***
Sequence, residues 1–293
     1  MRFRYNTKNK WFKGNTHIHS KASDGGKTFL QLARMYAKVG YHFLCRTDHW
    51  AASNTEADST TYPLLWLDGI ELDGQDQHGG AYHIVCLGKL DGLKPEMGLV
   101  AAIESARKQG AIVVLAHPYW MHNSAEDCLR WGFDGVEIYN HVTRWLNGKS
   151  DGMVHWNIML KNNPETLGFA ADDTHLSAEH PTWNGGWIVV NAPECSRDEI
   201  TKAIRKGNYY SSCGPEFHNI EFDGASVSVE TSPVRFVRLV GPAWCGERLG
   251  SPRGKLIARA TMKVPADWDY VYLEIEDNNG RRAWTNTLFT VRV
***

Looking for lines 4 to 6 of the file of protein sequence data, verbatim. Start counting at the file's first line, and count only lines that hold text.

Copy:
   101  AAIESARKQG AIVVLAHPYW MHNSAEDCLR WGFDGVEIYN HVTRWLNGKS
   151  DGMVHWNIML KNNPETLGFA ADDTHLSAEH PTWNGGWIVV NAPECSRDEI
   201  TKAIRKGNYY SSCGPEFHNI EFDGASVSVE TSPVRFVRLV GPAWCGERLG